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Cabaret

From Academic Kids

For other meanings of "Cabaret" see the disambiguation page

Cabaret is a form of entertainment featuring comedy, song, dance, and theatre, distinguished mainly by the performance venue - a restaurant or nightclub with a stage for performances and the audience sitting around the tables (often dining or drinking) watching the performance. The turn of the 20th century introduced a revolutionized cabaret culture with such performers including the spectacular Josephine Baker and the legendary infamous Brazilian drag performer João Francisco dos Santos (aka Madame Sata), both of African descent. The venue itself can also be called a "cabaret". These performances could range from political satire to light entertainment, each being introduced by a Master of Ceremonies, or MC.

The term is a French word for the taprooms or cafés, where this form of entertainment was born, as a more artistic type of café-chantant. It is derived from Middle Dutch cabret, through Old North French camberette, from Late Latin camera. It basically means "small room".

Contents

French cabaret

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The first cabaret was opened in 1881 in Montmartre, Paris; Rodolphe Salís' "cabaret artistique". Shortly after it was founded it was renamed "Le Chat Noir" (The Black Cat). It became a locale in which up-and-coming cabaret artists could try out their new acts in front of their peers before they were acted in front of an audience. The place was a great success, visited by important people of that time such as Alphonse Allais, Jean Richepin and Aristide Bruant, as well as people from all walks of life: women of high society, tourists, bankers, doctors, journalists, etc. The Chat Noir was a place where they could get away from work. In 1887 the cabaret was closed due to the bad economic situation which made amusements of this kind seem vulgar.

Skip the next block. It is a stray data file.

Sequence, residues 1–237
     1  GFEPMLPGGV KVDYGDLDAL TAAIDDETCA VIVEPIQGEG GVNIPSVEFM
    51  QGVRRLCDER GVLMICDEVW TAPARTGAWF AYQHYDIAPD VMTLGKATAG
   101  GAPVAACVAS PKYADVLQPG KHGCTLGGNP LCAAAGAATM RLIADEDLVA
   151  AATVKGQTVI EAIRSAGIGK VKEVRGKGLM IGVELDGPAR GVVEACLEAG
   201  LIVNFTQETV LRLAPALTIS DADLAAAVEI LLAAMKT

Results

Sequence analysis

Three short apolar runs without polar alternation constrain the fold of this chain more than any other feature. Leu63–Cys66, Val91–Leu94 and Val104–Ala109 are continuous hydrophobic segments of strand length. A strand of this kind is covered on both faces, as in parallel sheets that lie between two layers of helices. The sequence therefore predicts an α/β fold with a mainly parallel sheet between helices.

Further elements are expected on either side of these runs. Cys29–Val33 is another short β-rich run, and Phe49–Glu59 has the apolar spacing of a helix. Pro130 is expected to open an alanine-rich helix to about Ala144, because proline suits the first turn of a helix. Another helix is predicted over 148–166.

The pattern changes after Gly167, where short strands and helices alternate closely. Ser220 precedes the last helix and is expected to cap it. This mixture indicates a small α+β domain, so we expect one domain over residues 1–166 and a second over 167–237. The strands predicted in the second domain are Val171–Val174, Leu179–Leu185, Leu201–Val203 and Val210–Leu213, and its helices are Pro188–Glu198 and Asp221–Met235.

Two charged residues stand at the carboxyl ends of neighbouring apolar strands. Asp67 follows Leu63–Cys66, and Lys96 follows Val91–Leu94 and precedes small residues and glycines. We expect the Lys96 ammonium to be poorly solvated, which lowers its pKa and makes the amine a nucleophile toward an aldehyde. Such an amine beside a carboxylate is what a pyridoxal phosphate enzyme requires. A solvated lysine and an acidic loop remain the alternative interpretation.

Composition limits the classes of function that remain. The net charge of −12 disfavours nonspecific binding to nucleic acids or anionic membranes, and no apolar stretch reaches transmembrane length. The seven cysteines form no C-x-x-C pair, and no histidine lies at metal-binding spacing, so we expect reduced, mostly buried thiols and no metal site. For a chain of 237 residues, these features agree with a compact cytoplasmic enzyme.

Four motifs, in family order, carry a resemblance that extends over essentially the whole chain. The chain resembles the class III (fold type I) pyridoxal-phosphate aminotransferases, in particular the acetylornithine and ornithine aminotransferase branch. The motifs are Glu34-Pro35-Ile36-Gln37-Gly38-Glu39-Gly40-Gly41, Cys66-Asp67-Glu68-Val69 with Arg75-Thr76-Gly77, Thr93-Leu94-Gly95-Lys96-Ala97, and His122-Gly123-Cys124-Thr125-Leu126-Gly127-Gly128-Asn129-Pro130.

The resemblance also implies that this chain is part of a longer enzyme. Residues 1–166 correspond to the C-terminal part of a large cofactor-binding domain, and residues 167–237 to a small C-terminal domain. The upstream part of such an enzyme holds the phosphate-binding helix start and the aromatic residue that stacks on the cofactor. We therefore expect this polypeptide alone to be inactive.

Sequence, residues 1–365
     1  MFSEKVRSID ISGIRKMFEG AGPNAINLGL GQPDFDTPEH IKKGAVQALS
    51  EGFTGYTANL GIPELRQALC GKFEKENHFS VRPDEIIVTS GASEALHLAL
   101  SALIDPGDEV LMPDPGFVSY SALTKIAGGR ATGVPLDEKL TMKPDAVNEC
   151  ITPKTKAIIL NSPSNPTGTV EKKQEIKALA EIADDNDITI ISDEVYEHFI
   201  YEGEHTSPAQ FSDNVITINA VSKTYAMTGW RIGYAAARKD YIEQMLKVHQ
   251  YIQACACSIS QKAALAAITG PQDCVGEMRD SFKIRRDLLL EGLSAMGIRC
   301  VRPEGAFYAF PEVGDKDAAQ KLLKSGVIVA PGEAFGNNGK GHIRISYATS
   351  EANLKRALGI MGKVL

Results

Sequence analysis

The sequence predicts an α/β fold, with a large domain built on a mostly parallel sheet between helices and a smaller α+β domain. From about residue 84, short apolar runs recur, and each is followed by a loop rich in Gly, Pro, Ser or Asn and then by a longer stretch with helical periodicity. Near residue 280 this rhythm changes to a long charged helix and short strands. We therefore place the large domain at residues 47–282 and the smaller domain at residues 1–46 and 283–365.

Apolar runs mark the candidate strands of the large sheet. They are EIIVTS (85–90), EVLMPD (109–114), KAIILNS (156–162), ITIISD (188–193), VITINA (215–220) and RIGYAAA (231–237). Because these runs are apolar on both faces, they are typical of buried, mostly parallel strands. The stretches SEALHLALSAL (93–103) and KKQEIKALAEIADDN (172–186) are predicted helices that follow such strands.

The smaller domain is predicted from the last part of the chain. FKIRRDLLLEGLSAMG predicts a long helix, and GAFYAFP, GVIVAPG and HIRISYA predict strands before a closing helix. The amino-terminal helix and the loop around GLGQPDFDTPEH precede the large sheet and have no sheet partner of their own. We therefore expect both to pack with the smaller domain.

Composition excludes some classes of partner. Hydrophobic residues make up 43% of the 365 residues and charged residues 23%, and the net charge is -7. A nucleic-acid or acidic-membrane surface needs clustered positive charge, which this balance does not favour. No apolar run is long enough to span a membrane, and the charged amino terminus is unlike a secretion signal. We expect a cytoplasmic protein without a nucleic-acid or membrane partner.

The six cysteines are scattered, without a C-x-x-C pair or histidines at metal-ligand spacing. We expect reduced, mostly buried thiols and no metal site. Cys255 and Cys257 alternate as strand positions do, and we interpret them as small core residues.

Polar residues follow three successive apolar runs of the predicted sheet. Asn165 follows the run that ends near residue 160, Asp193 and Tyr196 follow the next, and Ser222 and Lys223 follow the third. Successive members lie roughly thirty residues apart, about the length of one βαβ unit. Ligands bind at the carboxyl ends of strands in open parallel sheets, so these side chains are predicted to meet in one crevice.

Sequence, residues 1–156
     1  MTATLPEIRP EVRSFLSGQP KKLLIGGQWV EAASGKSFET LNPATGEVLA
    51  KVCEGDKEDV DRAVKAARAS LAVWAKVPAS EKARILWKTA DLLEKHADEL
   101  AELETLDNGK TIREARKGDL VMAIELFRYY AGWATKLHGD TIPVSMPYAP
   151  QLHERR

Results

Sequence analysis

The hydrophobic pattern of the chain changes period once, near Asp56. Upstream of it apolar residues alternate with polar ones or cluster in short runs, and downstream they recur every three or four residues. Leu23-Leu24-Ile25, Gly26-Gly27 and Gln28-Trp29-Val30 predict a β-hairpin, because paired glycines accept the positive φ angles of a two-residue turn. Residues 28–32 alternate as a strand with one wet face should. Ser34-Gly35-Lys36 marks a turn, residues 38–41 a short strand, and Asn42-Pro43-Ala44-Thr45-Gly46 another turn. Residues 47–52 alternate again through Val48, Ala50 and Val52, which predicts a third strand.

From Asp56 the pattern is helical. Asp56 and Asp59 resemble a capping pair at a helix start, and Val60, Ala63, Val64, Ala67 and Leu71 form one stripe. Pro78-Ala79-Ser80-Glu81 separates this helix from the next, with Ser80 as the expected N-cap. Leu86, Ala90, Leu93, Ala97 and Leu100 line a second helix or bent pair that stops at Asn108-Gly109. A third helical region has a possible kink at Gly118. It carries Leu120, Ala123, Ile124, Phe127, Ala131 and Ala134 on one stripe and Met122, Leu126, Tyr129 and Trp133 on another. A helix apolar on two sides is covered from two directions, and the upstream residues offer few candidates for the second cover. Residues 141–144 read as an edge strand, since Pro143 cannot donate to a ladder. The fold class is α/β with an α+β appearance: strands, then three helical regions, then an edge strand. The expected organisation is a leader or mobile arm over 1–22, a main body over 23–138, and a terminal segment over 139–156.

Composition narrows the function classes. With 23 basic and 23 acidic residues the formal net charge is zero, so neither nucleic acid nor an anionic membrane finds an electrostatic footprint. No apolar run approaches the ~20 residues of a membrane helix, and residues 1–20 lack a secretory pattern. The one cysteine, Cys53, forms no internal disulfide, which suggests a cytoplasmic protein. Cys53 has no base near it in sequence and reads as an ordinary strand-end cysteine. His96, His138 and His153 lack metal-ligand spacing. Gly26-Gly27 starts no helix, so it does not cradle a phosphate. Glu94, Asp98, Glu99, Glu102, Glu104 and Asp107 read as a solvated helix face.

The Moulin Rouge was built in 1889 in the red-light district of Pigalle near Montmartre, and is famous for the large red imitation windmill on its roof. Notable performers at the Moulin Rouge have included La Goulue, Yvette Guilbert, Jane Avril, Mistinguett and Le Pétomane. Henri de Toulouse-Lautrec painted numerous pictures and scenes of night life there.

The Folies-Bergère continued to attract a large number of people until the start of the twentieth century, even though it was more expensive than other cabarets. People felt comfortable at the cabaret: they did not have to take off their hat, could talk, eat and smoke when they wanted to, etc. They did not have to stick to the usual rules of society.

At the Folies-Bergère, as in many cafés-concerts, there were a variety of acts: singers, dancers, jugglers and clowns, and sensations such as the Birmane family, all of whom had beards. Audiences were attracted by the danger of the circus acts (sometimes tamers were killed by their lions) but what happened on stage was not the only entertainment. Those not watching also strolled around and met friends or even prostitutes. At the start of the twentieth century, as war approached, prices rose further and the cabaret became a place for the rich.